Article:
When I was 21, I had a ‘Damascus Road’ moment during which I became a Christian during my year abroad. I was so enthused by the freedom I had found in Christ that I shouted it loud to anyone who would stop to listen for a good few years after. I stood up in front of hundreds of students and shared how God had called me home at a Christian Union mission event in 2009, and sang a version of Amazing Grace with a friend that my brother had arranged (he even accompanied us on the piano). In 2010 I was asked to share my story with dozens of teenagers at a CYFA youth venture. More recently I filmed my testimony a few years ago for the youth group I helped to lead, and shared that video on Facebook, and I re-share it every so often when it comes up in my Facebook memories. I have always sought to be real and honest when people ask me about my faith, even when that exposes less than favourable aspects of my character and is frankly embarrassing. But over the last few years I have realized that the story of my faith did not ‘end’ with that sudden realization that knowing Jesus had always been my deepest need and desire, amazing though that period in my life was when he removed the burden of sin from my shoulders. When people have asked me why I am a Christian, I have found it hard to talk about the ‘life after’, because I am still in it, and still making sense of it.
Five and a half years ago, I became a mother. This is a time of inordinate change for any person. While it is undoubtedly a blessing, it causes you to re-examine everything you had ever held to be true as you discern how you wish to raise your child in the world we live in. It can lead to a re-emergence of past hurts from your own upbringing and childhood, isolation and loneliness as you adjust to a new life where you have zero autonomy, and a readjustment of close relationships that had settled in recent years. For me, it also coincided with a period in time when many millennials were waking up to the realization that we had taken prosperity, democracy and peace for granted. Our parents had lived through the Cold War, but the privileged and educated members of my generation emerged into consciousness as the world seemed to settle down, at least in Europe. The great Enlightenment dream of an inevitable march towards utopia seemed to have come true, and I think most of us fell for it hook, line and sinker. The rise of global right wing populism has put a stop to that for many of us, and we find ourselves in crisis. How has this happened so quickly? How were we so blind to all the issues that caused it? Brexit is symptomatic of this trend, and has hit me personally very hard for all sorts of reasons. But it is the way we are trashing the planet that has been an accompanying undercurrent of my depression over the last few years. In 2014, the same year my daughter was born, I read a Tearfund special report which set out in no uncertain terms how drastically awful the situation was. I burned with shame that I hadn’t taken it seriously prior to then. I vowed to do everything in my power to be a good steward over God’s creation.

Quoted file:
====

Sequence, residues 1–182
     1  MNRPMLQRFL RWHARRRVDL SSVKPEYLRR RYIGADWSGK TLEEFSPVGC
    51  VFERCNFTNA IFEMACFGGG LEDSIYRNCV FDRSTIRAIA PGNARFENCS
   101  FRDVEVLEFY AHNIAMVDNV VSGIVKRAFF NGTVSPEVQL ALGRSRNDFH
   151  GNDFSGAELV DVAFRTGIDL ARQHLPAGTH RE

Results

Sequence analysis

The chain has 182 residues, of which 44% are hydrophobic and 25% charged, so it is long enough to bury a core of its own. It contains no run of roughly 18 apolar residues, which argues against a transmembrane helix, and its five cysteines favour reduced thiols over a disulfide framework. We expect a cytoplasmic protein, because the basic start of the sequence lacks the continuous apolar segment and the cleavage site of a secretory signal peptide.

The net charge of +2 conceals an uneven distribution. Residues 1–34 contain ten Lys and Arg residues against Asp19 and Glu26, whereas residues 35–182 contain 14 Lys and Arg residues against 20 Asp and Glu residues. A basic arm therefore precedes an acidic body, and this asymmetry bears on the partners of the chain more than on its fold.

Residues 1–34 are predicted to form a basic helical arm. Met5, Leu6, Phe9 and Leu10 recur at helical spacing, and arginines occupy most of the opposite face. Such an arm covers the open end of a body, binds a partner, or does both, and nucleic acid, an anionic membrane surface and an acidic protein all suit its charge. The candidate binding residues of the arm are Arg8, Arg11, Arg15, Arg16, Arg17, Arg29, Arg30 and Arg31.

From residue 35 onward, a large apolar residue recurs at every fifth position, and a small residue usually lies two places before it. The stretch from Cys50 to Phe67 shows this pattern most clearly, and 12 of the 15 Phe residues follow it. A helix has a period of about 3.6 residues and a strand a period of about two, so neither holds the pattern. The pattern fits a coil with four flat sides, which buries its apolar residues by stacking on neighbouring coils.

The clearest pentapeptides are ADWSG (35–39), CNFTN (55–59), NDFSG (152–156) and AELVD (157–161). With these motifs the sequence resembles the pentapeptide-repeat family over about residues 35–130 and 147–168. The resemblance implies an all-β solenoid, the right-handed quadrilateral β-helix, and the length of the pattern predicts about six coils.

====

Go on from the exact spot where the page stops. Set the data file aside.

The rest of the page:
But motherhood didn’t afford me much time or headspace to do that, despite my best efforts at using cloth nappies and switching to reusable menstrual products and so on. With my new little person had come an inability to find joy in anything, not because she wasn’t joyful or things weren’t still good in some aspects of my life, but because everything just hurt more. Life matters so much more when you are responsible for someone. I became aware of the manifold ways we – especially Christians! – hurt each other even when we have no intention of causing hurt. I was grateful for my healthy, happy (though very intense) baby, but how could I be happy when so many other people lost babies or had babies who had life threatening illnesses? I was grateful that we lived in comfort and peace, but I knew that millions didn’t, and I felt helpless to do anything about it. We went on a cruise holiday and all I could think of was the fact that people were drowning in the Mediterranean while we were sailing around in luxury. Through the ‘natural parenting’ movement I understood the damage of cultural appropriation, and I became very conscious of my own role in upholding the systematic oppression of marginalized people, and felt constantly that I wasn’t doing enough to counter it with the privilege I had. I learnt that these ‘white tears’ (Google the term if you don’t know it) are very common for people when they are woken up to their own privilege, and felt guilty given that I enjoyed innumerable advantages in life based on my skin colour, my education, my religion and so on, but I couldn’t stop centring myself and my own experience and felt so powerless to facilitate change in myself, let alone challenge and call out others.